On Saturday, February 18, the Arizona Coyotes staged a wonderful tribute to 20 years in the desert.
There were several messages that came out of that night, but there was one that screamed louder than all the others.
The Arizona Coyotes will never play in an arena they have to share with the Phoenix Suns.
This is not based on inside information. This is just a plain old case of reading between the lines.
The outstanding pregame show that night on Fox Sports Arizona featured numerous references to the Coyotes first home here in Phoenix, and none of those references started with “be it ever so humble”.
It didn’t take long to figure out the Coyotes still bear the scars of the seven-plus years they played at America West Arena. The truth of the matter is, they’re right. The arena was not built specifically for hockey, and those obstructed view seats were a problem.
Thirteen years and a few months since they moved to Glendale, the Coyotes have clearly not gotten over it.
Among the multiple reasons neither team wants to share a venue is this – both the Suns and Coyotes manage the buildings they currently play in, which means they get first choice of dates to play home games. The Coyotes are also right about the fact they didn’t get first crack at the calendar at America West. The Suns manage the building, they get first choice. Makes sense.
The Coyotes would jump at the chance to get into a building Downtown where they could be in control, but if you’re the City of Phoenix, why would you tell the Suns they’re not in the arena management business anymore?
Over its 25 years at the Arena, the Suns Management company has won numerous national awards for its work with concert and event promoters. Most of the major concerts and other events go to Talking Stick Resort Arena not just because of its location, but also its reputation.
There simply exists no valid reason for the Suns not to continue operating whatever venue they end up in.
If indeed the Coyotes are so gun shy about going into a plan to share an arena in Downtown Phoenix, there’s are flaws with their fears.
For openers, they won’t be going back to a situation where the building they play in is not designed for their sport. Give the architects credit – they know how to design an arena that’s good for both sports.
Second, if they’re worried about having the Suns as a landlord again, let’s clear up, once and for all, why the Suns were not the villains in everything that went wrong with the Coyotes.
In 1990, as Jerry Colangelo was finalizing the design for the new arena, architects presented him with two basic plans. Plan A was what we know the Arena to be – an intimate setting, even with 18,000-plus seats, for basketball, with the ability to put down ice for shows and, perhaps, a minor league hockey team that wouldn’t be bothered by obstructed view seats. Plan B was a multi use design, sacrificing intimacy for functionality.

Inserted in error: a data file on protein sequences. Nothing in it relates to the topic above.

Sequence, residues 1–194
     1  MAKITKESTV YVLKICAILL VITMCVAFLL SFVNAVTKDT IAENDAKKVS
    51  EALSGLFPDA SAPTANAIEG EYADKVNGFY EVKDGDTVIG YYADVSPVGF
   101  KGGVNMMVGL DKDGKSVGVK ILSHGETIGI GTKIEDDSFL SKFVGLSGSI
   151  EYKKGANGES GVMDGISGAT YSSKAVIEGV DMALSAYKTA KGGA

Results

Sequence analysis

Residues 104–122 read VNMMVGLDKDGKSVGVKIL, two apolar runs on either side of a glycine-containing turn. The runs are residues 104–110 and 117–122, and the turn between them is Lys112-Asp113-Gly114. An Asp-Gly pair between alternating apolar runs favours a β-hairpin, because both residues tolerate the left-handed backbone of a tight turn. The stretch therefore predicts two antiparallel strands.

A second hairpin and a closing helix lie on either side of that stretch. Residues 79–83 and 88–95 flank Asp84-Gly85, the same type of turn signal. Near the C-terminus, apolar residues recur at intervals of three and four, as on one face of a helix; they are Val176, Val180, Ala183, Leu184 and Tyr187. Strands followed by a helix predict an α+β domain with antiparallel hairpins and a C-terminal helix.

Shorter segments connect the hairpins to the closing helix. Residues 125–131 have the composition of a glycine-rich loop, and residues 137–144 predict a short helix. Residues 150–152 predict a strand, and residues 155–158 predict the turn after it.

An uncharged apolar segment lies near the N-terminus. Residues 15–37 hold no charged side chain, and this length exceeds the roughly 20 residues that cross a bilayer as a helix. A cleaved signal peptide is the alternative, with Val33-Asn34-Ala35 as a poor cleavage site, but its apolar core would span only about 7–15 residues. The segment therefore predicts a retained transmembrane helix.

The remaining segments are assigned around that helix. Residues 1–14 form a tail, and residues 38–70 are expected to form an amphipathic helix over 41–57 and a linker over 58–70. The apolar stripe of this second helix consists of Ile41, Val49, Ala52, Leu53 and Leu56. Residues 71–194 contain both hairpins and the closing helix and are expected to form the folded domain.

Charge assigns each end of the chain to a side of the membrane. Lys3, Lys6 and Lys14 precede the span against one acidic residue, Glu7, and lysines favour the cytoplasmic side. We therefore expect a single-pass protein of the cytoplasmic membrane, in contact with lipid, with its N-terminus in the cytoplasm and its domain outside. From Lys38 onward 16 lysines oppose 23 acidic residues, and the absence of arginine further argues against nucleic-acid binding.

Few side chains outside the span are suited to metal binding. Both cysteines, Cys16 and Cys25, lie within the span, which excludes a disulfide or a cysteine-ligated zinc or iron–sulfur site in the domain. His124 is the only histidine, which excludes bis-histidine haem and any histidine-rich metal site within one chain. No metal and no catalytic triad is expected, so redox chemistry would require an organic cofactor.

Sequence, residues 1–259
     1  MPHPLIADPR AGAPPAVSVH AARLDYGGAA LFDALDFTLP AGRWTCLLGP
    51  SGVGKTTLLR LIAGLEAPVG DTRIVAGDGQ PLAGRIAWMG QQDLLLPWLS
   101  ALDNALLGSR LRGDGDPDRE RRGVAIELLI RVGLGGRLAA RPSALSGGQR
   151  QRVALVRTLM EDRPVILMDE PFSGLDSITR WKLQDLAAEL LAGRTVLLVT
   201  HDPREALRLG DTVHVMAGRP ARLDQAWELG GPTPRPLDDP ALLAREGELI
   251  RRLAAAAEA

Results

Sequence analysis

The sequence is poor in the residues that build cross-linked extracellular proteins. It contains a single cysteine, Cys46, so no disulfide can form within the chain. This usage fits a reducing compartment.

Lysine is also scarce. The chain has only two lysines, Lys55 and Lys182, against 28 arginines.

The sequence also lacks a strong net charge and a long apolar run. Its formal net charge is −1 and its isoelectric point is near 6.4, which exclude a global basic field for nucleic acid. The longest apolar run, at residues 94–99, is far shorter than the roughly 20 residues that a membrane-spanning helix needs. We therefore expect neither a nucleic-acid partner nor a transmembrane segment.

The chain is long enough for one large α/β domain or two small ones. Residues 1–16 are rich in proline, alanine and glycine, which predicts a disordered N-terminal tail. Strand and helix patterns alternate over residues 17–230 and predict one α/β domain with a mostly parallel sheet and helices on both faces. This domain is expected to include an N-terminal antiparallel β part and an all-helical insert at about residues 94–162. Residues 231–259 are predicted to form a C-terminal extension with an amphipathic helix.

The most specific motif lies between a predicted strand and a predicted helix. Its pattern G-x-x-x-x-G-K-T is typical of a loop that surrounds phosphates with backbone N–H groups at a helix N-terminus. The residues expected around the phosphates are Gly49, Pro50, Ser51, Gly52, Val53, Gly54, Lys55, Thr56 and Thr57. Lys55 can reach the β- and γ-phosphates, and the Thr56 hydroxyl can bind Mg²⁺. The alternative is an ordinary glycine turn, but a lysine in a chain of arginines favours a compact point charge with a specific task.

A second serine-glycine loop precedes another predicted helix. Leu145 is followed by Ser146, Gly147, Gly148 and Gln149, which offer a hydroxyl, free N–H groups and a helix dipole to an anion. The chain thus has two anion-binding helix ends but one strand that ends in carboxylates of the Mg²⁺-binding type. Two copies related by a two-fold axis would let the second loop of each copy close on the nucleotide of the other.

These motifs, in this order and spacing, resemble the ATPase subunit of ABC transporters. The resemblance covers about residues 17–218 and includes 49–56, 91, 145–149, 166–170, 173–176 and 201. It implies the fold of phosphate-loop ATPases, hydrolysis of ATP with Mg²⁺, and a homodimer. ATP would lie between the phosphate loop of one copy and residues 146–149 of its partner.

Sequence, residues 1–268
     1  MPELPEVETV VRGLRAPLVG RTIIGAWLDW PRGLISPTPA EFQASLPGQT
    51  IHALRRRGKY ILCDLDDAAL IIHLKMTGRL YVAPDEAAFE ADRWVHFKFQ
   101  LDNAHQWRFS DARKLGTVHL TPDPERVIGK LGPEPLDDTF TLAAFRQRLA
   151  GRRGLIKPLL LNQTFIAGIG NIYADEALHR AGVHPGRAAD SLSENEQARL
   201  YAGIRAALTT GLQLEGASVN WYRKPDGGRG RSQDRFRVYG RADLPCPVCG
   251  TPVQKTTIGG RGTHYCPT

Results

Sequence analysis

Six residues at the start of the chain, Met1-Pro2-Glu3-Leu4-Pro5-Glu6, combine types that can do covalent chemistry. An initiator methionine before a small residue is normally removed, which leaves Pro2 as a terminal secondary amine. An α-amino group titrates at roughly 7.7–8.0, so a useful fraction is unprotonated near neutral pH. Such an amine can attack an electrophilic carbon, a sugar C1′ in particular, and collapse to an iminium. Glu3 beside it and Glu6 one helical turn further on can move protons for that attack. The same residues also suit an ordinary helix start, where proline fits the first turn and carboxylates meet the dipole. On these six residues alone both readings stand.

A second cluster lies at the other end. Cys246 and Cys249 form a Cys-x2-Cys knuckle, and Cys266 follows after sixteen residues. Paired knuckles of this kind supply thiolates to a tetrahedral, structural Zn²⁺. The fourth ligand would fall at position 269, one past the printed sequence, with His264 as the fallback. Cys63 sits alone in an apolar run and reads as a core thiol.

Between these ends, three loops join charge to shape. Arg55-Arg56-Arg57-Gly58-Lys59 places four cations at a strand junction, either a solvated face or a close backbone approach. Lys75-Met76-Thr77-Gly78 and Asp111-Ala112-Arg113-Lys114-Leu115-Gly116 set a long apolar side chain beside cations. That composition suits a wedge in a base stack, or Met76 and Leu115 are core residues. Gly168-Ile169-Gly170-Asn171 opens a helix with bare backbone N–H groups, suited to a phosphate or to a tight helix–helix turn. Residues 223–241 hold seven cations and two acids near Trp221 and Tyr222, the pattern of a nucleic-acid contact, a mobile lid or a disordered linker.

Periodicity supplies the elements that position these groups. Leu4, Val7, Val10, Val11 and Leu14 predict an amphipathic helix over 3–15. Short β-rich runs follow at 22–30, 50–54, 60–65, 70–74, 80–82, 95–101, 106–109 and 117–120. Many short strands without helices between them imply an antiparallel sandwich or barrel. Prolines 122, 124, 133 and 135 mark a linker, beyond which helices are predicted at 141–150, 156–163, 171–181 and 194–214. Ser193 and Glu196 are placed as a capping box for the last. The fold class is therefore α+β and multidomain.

When it came time to make a final decision, Colangelo wanted to make sure he was doing the right thing. So he called the National Hockey League office, and got the league President, John Ziegler, on the phone.
Jerry’s question to Ziegler was right to the point – do you see the NHL coming to Phoenix in the next 10 to 15 years?
Ziegler’s answer was even more succinct – no.
Colangelo told his architects to go with Plan A.
You know what happened next – Gary Bettman leaves the NBA to become NHL Commissioner, and when the Winnipeg Jets had to get out of THEIR substandard arena, he asked Colangelo to come to the rescue.
Sorry, Coyote fans, it wasn’t the Suns that made that building so difficult for you to live in. It was your league President. It wasn’t even the Commissioner you love to hate.
So, you have a hockey team that won’t share a building with a basketball team that doesn’t deserve to be told it has to take a back seat, and for good measure, you have a community that isn’t willing or able to fund two new arenas.
There are a lot of good people who work for the Coyotes. Their fans are, without question, the most dedicated fans in town. Consider the fact that, almost from the minute their team arrived, people have speculated about whether they could stay.
Unless the Coyotes either make things work in Glendale or accept they aren’t getting a new place of their own, those fans had better get used to seeing their team play in another substandard venue. Key Arena in Seattle.